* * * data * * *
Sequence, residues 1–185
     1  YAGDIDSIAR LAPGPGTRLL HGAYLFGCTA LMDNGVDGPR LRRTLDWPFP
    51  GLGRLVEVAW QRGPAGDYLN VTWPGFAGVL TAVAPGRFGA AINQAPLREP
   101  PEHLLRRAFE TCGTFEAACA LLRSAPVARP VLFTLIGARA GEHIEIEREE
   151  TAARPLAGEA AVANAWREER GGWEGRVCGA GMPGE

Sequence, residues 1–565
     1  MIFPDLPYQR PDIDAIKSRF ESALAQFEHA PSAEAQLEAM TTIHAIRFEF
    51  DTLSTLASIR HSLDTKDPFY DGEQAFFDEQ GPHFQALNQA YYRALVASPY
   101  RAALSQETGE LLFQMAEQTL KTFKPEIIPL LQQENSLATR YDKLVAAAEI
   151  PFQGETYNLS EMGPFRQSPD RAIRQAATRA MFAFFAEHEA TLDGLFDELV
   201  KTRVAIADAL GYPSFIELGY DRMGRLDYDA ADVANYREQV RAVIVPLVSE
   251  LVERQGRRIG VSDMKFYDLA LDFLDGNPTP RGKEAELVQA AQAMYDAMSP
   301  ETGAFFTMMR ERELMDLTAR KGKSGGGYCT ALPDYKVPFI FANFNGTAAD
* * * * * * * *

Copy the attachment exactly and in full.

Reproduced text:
Sequence, residues 1–185
     1  YAGDIDSIAR LAPGPGTRLL HGAYLFGCTA LMDNGVDGPR LRRTLDWPFP
    51  GLGRLVEVAW QRGPAGDYLN VTWPGFAGVL TAVAPGRFGA AINQAPLREP
   101  PEHLLRRAFE TCGTFEAACA LLRSAPVARP VLFTLIGARA GEHIEIEREE
   151  TAARPLAGEA AVANAWREER GGWEGRVCGA GMPGE

Sequence, residues 1–565
     1  MIFPDLPYQR PDIDAIKSRF ESALAQFEHA PSAEAQLEAM TTIHAIRFEF
    51  DTLSTLASIR HSLDTKDPFY DGEQAFFDEQ GPHFQALNQA YYRALVASPY
   101  RAALSQETGE LLFQMAEQTL KTFKPEIIPL LQQENSLATR YDKLVAAAEI
   151  PFQGETYNLS EMGPFRQSPD RAIRQAATRA MFAFFAEHEA TLDGLFDELV
   201  KTRVAIADAL GYPSFIELGY DRMGRLDYDA ADVANYREQV RAVIVPLVSE
   251  LVERQGRRIG VSDMKFYDLA LDFLDGNPTP RGKEAELVQA AQAMYDAMSP
   301  ETGAFFTMMR ERELMDLTAR KGKSGGGYCT ALPDYKVPFI FANFNGTAAD